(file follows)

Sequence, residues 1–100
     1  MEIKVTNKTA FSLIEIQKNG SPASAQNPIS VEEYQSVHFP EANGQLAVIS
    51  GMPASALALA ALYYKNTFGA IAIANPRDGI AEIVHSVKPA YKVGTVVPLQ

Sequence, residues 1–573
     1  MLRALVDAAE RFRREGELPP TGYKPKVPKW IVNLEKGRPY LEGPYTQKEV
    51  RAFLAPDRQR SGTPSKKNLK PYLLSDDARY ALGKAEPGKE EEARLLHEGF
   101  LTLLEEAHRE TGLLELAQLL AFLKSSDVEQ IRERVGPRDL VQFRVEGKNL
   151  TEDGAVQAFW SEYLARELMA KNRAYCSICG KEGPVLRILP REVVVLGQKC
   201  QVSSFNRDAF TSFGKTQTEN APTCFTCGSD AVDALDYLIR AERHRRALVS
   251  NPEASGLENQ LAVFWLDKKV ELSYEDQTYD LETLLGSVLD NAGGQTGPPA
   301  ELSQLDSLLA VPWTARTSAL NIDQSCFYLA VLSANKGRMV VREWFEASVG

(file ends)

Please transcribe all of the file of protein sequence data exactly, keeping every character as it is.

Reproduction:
Sequence, residues 1–100
     1  MEIKVTNKTA FSLIEIQKNG SPASAQNPIS VEEYQSVHFP EANGQLAVIS
    51  GMPASALALA ALYYKNTFGA IAIANPRDGI AEIVHSVKPA YKVGTVVPLQ

Sequence, residues 1–573
     1  MLRALVDAAE RFRREGELPP TGYKPKVPKW IVNLEKGRPY LEGPYTQKEV
    51  RAFLAPDRQR SGTPSKKNLK PYLLSDDARY ALGKAEPGKE EEARLLHEGF
   101  LTLLEEAHRE TGLLELAQLL AFLKSSDVEQ IRERVGPRDL VQFRVEGKNL
   151  TEDGAVQAFW SEYLARELMA KNRAYCSICG KEGPVLRILP REVVVLGQKC
   201  QVSSFNRDAF TSFGKTQTEN APTCFTCGSD AVDALDYLIR AERHRRALVS
   251  NPEASGLENQ LAVFWLDKKV ELSYEDQTYD LETLLGSVLD NAGGQTGPPA
   301  ELSQLDSLLA VPWTARTSAL NIDQSCFYLA VLSANKGRMV VREWFEASVG